Tree Pollarding 101

Tree Pollarding 101

Tree Pollarding 101 – everything you need to know about pollarding.

 

If you are looking for ways to keep your landscape and trees looking their best, several key methods can make a huge impact on how your outdoor space looks.

A process called tree pollarding can help to create a lush, beautiful landscape that promotes healthy trees.

Read on to learn more about pollarding trees and what the process entails.

 

Tree Pollarding Defined

Most people likely have never heard of tree pollarding, but it is an important part of maintaining healthy trees. The process involves cutting young trees and shrubs to the main stem or trunk to control their height.

The plants are not cut at ground level but instead are cut much higher at an average height of around six feet. This process helps to maintain the desired height for your trees while reducing shade and giving the trees a defined silhouette.

Many people opt for tree pollarding to keep taller trees from getting in the way of phone lines or electrical wires. It is also done to trees located close to a home or place of business to reduce the risk of branches breaking and falling onto the roof.

While most typical tree pruning processes remove the lower and crossing limbs of a tree, the pollarding process is a bit different. Pollarding trees is often done when the tree is dormant rather than when it is actively growing. Doing this while a tree is still young or dormant promotes fuller, faster, and greener growth.

In addition to protecting wires, structures, and promoting better growth, tree pollarding may also reduce the risk of fungus and pests. It can also help to protect your trees from various diseases.

 

How to Pollard a Tree

To pollard a tree effectively, it is best to leave the job to the professionals. They will start by cutting off the central leader of the tree first, then proceed to cut all of the branches around it that are at the same height.

By cutting the top of the tree this way, it shortens the crown of the tree. The gardener will remove lower limbs and any crossing limbs to promote a thicker crown as it grows back.

The younger the tree, the faster the new growth will return, while older trees may take longer to regrow leaves and new branches. By pollarding large young deciduous trees, ensures that they sprout healthily to achieve fuller, greener, and lusher growth.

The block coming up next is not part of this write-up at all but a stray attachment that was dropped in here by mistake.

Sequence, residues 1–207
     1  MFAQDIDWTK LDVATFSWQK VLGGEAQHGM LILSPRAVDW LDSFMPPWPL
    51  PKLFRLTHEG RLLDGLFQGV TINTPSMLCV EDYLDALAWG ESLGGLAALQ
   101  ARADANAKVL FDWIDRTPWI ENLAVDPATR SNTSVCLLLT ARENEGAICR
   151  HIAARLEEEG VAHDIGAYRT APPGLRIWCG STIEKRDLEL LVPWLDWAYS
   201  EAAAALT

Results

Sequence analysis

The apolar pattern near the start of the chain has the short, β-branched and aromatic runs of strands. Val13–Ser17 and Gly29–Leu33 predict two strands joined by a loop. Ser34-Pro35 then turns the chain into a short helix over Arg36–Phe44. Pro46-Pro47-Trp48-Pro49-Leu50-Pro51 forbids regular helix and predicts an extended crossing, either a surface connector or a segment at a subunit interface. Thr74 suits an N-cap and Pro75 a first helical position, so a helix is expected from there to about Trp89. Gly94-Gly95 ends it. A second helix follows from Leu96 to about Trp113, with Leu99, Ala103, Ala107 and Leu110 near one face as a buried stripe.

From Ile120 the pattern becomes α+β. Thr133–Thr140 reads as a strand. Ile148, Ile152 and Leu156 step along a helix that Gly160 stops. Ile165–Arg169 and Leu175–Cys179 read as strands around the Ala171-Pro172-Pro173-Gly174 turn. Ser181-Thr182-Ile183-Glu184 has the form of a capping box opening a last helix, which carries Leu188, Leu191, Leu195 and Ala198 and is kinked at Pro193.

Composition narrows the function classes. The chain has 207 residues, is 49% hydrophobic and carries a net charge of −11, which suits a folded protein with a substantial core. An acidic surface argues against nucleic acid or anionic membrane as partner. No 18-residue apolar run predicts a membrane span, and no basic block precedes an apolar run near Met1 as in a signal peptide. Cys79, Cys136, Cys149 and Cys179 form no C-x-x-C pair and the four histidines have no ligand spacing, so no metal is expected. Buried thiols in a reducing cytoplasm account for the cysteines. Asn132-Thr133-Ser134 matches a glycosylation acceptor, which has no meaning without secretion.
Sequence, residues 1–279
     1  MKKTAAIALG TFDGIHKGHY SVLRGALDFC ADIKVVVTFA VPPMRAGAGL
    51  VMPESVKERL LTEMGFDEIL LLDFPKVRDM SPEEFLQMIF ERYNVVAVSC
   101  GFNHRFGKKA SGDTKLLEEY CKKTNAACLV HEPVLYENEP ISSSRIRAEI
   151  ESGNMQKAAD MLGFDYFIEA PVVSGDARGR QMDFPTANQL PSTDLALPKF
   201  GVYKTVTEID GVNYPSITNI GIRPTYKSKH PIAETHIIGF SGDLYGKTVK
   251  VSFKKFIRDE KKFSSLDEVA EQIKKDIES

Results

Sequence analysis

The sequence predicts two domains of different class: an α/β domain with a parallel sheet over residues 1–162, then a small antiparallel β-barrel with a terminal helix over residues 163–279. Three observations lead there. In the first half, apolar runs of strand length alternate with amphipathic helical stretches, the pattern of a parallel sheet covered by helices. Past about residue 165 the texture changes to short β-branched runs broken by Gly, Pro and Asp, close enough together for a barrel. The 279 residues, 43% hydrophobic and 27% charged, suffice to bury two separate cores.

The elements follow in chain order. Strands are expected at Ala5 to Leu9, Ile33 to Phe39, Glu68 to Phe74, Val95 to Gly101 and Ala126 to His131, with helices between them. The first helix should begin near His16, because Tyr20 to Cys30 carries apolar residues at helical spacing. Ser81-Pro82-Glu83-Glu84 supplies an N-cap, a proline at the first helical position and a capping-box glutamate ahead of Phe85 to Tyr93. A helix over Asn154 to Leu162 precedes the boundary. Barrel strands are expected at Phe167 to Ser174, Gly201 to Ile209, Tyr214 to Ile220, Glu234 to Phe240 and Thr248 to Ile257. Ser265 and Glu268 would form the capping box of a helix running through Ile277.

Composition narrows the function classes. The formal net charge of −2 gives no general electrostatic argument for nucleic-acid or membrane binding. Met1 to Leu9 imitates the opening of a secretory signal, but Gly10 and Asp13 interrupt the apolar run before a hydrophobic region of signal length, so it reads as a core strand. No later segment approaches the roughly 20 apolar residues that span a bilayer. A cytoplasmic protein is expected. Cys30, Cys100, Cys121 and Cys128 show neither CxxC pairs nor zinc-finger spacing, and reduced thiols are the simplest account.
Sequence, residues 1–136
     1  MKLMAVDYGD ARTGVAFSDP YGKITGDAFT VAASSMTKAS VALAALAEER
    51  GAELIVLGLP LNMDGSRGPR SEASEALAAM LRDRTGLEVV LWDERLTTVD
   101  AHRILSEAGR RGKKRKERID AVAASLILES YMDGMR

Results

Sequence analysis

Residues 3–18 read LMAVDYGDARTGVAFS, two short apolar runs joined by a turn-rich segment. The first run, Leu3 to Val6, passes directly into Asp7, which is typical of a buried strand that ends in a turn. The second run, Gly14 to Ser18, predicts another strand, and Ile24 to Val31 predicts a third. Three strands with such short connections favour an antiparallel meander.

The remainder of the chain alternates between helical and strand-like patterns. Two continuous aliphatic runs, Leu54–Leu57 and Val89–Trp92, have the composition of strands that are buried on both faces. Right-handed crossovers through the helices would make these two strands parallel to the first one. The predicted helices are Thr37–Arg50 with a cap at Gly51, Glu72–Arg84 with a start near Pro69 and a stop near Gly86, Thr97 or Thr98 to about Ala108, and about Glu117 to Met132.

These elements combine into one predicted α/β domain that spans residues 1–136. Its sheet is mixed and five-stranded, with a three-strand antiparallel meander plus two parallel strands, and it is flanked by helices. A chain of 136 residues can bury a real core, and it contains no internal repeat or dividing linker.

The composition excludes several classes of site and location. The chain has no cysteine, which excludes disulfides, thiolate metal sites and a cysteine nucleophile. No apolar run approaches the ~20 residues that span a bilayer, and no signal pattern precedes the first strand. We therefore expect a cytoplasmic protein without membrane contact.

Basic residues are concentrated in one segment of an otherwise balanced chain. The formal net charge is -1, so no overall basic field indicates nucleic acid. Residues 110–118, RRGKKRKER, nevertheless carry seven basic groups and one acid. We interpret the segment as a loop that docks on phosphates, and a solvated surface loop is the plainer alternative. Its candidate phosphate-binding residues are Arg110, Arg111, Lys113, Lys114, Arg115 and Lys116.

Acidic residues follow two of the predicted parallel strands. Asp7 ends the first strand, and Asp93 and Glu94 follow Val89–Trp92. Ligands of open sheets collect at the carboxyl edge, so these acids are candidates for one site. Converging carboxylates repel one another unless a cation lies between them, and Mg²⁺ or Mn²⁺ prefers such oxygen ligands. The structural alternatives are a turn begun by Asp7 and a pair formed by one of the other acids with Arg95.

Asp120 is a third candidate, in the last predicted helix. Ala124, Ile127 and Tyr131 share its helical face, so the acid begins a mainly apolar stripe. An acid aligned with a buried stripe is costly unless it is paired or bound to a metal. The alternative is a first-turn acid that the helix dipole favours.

Once the procedure is complete, most trees will produce “waterspouts” at the various locations where it has been cut. These areas will produce sprouts that should be removed at least once per year or every other year. Eventually, knobs or knuckles will form at these locations and continue to regenerate each year.

The timing of tree pollarding is critical and should be performed during the tree’s dormant season. If the tree is pruned during its growing season, it can stunt the growth, remove its energy source, and inhibit the tree’s ability to re-sprout.

Most tree pollarding is done during the fall or winter months of the year when trees are losing their foliage. This is extremely important because most trees rely on their leaves to help produce energy for healthy growth during the warmer months of spring and summer. Removing sprouts and pollarding too early in the year can cause the tree to stop growing, or even worse – to perish.

 

A Tradition of Pollarding Trees

Tree pollarding originated in Europe centuries ago, and the original method was done to ensure that more abundant, smaller branches were produced. As a result, these smaller branches were removed and used as fuel or for making items such as woven baskets.

As the branches were consistently cut back, farmers would harvest the slender sprouts and use them as a food source for livestock. These slender sprouts were also utilized to help weave small fences and other structures.

Today, pollarding fruit trees is a popular method to ensure healthy growth. When the tree is pollarded correctly, it encourages more production of fruits for a bountiful harvest.

Many urban areas choose to pollard trees that line busy streets to help control their growth, preventing branches from falling onto power lines and roadways. Cutting trees back can keep them healthy while maintaining them at a smaller, more easily manageable size.

The difference between topping and pollarding trees is that tree pollarding produces large knuckles. These knuckles are the source of new growth each year and can help to ensure that the tree continues to grow healthy in the future. Imagine the knuckles on a tree as large scars that heal while new growth re-sprouts from dormant buds during the springtime.

Topping a tree does not lead to knuckle formation. This process cuts the entire top of the tree off, resulting in a large wound that can cause the tree to die. Ideally, pollarding fruit trees and other species is best to ensure a healthy outcome.

 

Pollarding: A Unique Technique

Whether you want to encourage healthy growth or remove threatening branches, tree pollarding is a wise way to go. This unique tree-pruning process will ensure that your trees look lush and beautiful for years to come.

Always consult with a professional arborist or landscaper if you are considering using tree pollarding as a method to ensure best results.

For more information about our services or to find out more, contact us today.

 


Article was written by Conner D.

Article Source: https://www.graftingardeners.co.uk/tree-pollarding-101/

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